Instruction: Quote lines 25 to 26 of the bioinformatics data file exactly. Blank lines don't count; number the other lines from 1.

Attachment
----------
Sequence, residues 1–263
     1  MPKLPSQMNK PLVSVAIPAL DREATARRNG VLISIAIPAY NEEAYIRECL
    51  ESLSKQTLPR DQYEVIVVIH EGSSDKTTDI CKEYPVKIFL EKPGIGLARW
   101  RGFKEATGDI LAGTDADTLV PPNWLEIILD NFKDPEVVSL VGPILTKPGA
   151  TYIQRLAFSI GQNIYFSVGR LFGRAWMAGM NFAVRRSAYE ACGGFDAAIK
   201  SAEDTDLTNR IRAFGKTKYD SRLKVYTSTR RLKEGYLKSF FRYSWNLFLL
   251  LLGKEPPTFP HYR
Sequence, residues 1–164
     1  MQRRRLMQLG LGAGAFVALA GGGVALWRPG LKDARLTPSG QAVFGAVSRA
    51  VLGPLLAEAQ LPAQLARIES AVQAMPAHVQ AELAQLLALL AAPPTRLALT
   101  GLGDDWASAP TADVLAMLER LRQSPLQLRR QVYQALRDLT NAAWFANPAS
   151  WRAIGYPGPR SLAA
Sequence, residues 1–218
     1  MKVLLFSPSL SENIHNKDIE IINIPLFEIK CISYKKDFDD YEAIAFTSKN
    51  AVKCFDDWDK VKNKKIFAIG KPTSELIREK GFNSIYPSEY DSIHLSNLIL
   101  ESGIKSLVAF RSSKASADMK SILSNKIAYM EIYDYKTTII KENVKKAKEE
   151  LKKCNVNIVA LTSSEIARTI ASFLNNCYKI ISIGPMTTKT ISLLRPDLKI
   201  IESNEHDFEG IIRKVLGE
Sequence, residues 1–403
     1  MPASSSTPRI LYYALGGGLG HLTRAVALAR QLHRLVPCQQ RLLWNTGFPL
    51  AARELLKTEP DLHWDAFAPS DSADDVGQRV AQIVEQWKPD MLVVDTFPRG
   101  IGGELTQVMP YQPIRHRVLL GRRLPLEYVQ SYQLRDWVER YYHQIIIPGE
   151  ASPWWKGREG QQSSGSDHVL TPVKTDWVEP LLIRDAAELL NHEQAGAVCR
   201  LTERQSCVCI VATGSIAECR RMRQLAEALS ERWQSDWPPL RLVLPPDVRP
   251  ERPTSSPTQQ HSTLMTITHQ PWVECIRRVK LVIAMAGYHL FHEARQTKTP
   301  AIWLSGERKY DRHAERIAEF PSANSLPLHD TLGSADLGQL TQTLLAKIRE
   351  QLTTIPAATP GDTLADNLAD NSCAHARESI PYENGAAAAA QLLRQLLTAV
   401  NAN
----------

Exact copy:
   251  ERPTSSPTQQ HSTLMTITHQ PWVECIRRVK LVIAMAGYHL FHEARQTKTP
   301  AIWLSGERKY DRHAERIAEF PSANSLPLHD TLGSADLGQL TQTLLAKIRE